The 2018 Meira and Shaul G. Massry Prize has been awarded to William G. Kaelin Jr., MD, of Harvard Medical School; Sir Peter Ratcliffe, FMedSci, FRS, of Oxford University, the Francis Crick Institute London and the Ludwig Institute for Cancer Research; and Gregg L. Semenza, MD, PhD, of Johns Hopkins Medicine. The three scientists discovered how mammals respond and adapt to oxygen levels in the environment. This crucial research has led to a series of unexpected findings and the potential for new drugs to treat anemia, cardiovascular disease and even cancer.

The Meira and Shaul G. Massry Foundation, which promotes education and research in nephrology, physiology and related fields, established the Massry Prize in 1996 to recognize outstanding contributions to the biomedical sciences and the advancement of health. Fifteen Massry Prize recipients have gone on to win Nobel Prizes.

Oxygen is the key to life on Earth, forming the basis of cellular metabolism to provide the energy that allows animals to survive. Animals trap oxygen in red blood cells and deliver it to all tissues in the body, so that cells have the energy to function. But oxygen is both a blessing and a curse. Too much and cell death pathways can be activated; too little and the cell runs out of energy.

One of the basic responses to oxygen deprivation in our bodies is increased respiration and increased production of red blood cells through the release from the kidney of a hormone called erythropoietin. This response is vital to human survival. But how do cells “sense” the amount of oxygen around them to induce erythropoietin release? This core question was addressed by Semenza and Ratcliffe more than 20 years ago. Semenza discovered a protein called hypoxia-inducible factor (HIF-1) that was uniquely responsive to cellular oxygen levels. When oxygen levels are low, HIF-1 attaches to DNA and activates expression of genes near its DNA binding sites, including the erythropoietin gene. This was the discovery of the key to cells’ ability to sense oxygen.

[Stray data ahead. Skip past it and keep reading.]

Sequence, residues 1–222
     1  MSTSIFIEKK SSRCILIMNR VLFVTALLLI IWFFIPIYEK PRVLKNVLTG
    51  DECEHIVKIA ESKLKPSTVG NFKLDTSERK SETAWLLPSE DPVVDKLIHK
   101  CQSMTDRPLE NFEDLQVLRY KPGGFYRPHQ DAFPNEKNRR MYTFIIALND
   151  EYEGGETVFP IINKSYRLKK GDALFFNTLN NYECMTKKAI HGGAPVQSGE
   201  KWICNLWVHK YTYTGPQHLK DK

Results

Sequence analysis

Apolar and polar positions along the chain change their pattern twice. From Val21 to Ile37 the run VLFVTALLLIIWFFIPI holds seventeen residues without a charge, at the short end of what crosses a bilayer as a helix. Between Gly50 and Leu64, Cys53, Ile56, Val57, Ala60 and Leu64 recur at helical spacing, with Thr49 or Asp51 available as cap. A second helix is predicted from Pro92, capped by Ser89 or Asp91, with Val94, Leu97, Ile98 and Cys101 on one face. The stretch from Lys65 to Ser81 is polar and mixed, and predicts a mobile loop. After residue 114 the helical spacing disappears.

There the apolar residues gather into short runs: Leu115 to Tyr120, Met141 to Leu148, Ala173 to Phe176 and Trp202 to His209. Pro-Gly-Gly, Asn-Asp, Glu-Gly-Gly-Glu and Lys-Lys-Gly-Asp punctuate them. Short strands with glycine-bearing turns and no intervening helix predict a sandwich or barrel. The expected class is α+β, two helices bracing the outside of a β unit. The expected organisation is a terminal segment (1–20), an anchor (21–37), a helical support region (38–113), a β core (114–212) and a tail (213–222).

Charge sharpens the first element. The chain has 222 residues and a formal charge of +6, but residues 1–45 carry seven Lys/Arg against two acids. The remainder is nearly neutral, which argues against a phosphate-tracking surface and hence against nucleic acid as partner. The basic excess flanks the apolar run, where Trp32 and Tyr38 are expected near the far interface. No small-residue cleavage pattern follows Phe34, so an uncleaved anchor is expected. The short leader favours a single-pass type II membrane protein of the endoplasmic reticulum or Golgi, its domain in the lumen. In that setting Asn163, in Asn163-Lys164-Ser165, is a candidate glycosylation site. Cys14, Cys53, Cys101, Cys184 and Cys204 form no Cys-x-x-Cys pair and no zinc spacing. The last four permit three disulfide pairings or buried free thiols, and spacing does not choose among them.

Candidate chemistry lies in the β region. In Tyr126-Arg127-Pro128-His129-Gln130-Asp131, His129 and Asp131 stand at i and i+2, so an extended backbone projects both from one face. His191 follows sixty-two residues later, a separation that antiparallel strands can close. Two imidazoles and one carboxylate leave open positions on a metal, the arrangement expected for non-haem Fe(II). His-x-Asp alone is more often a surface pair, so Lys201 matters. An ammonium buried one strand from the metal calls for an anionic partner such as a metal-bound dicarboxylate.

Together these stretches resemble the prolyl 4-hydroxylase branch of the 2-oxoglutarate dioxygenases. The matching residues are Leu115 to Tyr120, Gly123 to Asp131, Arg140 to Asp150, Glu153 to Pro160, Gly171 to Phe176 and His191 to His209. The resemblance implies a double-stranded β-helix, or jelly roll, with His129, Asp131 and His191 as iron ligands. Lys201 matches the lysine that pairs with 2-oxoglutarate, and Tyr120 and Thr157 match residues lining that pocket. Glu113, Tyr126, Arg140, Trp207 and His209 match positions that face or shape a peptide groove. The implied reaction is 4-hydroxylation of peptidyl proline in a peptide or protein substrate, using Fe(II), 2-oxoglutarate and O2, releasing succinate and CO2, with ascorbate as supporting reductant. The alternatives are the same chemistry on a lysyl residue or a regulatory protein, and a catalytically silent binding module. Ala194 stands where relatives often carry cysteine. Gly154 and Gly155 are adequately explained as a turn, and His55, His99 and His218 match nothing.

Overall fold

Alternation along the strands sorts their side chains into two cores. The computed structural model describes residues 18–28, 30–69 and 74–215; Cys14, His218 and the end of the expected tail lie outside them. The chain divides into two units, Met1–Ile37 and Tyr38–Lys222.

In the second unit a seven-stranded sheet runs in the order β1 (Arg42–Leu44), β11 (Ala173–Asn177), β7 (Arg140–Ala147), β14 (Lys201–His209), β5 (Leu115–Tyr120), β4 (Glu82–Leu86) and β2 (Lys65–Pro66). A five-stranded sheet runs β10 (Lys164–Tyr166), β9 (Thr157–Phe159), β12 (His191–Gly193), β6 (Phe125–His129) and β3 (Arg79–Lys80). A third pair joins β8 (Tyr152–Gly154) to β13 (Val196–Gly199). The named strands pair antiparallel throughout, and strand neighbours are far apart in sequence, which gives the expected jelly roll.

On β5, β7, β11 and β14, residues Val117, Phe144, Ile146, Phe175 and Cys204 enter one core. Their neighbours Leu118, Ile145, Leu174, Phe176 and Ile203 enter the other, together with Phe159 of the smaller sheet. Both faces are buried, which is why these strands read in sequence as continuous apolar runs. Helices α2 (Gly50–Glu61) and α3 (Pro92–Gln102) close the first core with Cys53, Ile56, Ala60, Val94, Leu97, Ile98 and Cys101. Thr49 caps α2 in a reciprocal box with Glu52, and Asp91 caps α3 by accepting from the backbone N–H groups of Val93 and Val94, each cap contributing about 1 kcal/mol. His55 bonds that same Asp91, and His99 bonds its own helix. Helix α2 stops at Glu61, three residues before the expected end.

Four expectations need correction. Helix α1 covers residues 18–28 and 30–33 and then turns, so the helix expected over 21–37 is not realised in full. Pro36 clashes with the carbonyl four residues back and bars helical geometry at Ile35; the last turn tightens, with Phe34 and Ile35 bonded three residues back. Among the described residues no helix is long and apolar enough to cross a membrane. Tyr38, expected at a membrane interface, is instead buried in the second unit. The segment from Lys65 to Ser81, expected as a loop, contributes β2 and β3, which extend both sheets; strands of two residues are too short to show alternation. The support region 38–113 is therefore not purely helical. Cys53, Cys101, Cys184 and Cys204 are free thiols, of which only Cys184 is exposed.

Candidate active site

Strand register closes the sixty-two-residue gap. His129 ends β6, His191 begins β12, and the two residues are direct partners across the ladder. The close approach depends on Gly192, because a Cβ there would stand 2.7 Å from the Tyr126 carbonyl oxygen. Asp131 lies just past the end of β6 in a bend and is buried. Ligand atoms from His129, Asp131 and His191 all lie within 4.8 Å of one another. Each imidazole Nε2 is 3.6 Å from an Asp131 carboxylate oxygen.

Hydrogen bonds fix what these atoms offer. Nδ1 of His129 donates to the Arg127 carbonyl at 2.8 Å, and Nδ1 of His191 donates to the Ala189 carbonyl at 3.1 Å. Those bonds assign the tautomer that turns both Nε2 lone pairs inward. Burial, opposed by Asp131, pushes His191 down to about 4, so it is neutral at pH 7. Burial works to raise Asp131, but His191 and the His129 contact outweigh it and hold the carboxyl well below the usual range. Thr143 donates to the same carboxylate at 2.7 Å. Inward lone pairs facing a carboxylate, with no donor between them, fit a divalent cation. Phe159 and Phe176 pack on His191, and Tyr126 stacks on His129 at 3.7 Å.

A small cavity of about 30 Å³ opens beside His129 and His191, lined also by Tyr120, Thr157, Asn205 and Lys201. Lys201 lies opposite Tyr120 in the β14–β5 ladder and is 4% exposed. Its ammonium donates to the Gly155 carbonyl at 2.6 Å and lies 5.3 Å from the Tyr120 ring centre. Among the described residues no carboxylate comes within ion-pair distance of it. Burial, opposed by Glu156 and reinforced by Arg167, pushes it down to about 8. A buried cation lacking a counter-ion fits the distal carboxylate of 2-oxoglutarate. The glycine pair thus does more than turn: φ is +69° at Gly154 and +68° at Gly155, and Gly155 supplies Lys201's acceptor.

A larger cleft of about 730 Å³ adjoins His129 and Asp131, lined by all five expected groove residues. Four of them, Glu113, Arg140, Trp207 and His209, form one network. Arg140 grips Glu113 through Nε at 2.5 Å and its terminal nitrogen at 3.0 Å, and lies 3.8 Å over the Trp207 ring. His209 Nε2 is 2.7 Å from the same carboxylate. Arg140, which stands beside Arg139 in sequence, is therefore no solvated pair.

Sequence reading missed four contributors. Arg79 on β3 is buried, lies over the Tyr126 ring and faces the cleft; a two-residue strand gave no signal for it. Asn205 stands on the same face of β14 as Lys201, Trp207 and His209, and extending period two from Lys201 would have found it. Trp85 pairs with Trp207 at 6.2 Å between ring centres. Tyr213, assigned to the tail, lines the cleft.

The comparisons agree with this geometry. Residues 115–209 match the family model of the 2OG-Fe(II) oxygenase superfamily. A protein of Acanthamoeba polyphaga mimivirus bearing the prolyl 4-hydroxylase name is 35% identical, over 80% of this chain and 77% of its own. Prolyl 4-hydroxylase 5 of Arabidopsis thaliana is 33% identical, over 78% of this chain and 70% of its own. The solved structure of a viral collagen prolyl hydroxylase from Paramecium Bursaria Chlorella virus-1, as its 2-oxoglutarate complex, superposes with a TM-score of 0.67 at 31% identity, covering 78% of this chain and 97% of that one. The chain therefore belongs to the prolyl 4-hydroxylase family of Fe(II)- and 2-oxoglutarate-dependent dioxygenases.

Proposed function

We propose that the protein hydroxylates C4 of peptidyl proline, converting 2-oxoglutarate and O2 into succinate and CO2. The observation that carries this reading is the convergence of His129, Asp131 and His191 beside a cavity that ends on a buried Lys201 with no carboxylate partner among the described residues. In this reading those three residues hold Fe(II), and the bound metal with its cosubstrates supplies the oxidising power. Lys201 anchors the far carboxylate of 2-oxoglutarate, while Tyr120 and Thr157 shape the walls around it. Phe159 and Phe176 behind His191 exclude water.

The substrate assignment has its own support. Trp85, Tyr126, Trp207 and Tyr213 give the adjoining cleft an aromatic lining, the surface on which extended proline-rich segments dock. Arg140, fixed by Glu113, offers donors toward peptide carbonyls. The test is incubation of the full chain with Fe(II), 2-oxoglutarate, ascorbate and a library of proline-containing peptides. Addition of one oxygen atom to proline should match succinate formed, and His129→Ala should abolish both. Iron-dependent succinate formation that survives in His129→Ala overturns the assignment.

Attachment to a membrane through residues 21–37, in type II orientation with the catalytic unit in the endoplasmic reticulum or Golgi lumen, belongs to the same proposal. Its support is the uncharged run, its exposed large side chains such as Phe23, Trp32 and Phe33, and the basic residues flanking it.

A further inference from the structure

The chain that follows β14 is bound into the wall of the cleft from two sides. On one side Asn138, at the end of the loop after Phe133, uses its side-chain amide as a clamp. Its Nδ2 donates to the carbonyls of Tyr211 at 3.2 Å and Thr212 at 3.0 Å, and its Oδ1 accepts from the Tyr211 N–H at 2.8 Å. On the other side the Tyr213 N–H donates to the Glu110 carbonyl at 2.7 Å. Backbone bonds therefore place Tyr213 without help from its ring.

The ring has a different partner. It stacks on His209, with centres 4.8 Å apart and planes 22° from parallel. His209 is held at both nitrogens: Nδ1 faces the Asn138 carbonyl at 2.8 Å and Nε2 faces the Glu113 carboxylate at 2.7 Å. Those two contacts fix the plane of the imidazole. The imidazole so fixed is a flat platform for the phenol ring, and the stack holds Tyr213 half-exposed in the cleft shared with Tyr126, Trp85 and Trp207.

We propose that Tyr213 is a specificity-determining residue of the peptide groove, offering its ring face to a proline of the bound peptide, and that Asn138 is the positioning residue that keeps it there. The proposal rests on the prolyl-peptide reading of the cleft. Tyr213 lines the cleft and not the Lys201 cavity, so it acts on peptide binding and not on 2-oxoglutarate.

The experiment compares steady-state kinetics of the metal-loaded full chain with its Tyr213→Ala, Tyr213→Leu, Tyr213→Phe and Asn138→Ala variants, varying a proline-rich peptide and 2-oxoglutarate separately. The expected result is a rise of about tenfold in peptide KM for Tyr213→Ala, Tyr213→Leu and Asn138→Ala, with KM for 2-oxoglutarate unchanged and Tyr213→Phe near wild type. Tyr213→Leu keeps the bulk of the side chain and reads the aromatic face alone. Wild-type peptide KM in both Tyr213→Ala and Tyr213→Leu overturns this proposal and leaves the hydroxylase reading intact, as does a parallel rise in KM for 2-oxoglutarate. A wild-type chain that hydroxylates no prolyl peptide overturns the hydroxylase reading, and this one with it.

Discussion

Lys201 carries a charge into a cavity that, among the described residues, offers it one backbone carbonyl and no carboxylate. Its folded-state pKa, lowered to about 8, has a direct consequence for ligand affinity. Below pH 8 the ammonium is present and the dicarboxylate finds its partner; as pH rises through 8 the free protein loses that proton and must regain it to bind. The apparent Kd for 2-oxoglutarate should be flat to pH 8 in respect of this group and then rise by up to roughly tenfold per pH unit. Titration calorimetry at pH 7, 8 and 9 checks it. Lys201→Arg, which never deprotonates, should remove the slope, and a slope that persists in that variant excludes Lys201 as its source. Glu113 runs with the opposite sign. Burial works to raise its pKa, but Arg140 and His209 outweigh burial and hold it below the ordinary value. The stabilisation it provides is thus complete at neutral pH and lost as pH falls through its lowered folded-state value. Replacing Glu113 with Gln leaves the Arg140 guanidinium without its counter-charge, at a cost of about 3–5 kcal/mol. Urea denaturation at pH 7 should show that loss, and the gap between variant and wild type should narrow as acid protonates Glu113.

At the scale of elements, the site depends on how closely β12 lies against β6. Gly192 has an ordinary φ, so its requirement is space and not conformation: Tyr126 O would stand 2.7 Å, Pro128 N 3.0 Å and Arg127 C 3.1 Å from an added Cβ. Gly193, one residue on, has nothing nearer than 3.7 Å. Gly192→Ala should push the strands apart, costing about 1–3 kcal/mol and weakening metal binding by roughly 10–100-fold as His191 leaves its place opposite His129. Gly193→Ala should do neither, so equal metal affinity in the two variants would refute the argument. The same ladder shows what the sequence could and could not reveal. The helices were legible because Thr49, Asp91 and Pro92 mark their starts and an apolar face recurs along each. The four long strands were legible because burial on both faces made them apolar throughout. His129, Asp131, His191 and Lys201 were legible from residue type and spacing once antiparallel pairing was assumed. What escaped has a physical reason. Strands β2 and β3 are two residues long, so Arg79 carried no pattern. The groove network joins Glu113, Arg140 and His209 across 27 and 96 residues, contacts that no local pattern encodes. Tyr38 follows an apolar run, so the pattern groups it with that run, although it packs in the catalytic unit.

The discovery of HIF-1 was the start of a long journey to understand oxygen-sensing in cells. In addition to activating genes associated with red blood cell production, Semenza and Ratcliffe discovered that HIF-1 activated many other genes throughout the body. For example, there was direct induction of vascular endothelial growth factor (VEGF), crucial for blood vessel formation. Like a conductor bringing an orchestra together, HIF-1 coordinates red blood cell production, blood vessel growth and a range of other responses that constitute the adaptive body symphony when oxygen levels are lowered. But how does low oxygen change HIF-1 levels?

Enter Kaelin and his research on a rare human disorder: von Hippel-Lindau (VHL) Disease, which involves the formation of blood vessel-rich tumors and cysts along with high erythropoietin levels. Recognizing that a VHL gene mutation results in a deficient VHL protein and this somehow raises blood levels of erythropoietin, Kaelin discovered that the VHL protein is essential for cells to sense the oxygen levels. Another key observation was when Ratcliffe found that VHL interacts with HIF-1 but only when oxygen levels are high. Kaelin then showed that VHL binds to HIF-1 and initiates an assembly structure.

Starting from these seminal observations, many modulators of this oxygen sensing system and the subsequent regulation of cell function have been discovered by the Massry Prize winners and other scientists. Armed with this knowledge, it is now possible to manipulate oxygen sensing and response systems to improve human health. For example, increasing HIF-1 complex regulation could potentially increase red blood cells to help patients with anemia and could potentially increase cardiac vascularization to ward off heart attacks. Decreasing HIF-1 activity and reducing vascularization might slow cancers that need new blood vessels to feed their growth.

“The work of Kaelin, Ratcliffe and Semenza uncovered one of nature’s most important secrets: how oxygen is sensed by animal tissues and how cells modulate their responses to reduced oxygen,” said Shaul Massry, MD, professor emeritus of medicine and physiology & biophysics at the Keck School of Medicine of USC. “This fundamental discovery will have continued impact on medicine for the future.”

The winners will provide lectures on their work at 12:30 p.m. Thursday, Sept. 20, at Mayer Auditorium on the Health Sciences Campus. Lunch will be served before the lecture. RSVP at, Code: Massry2018.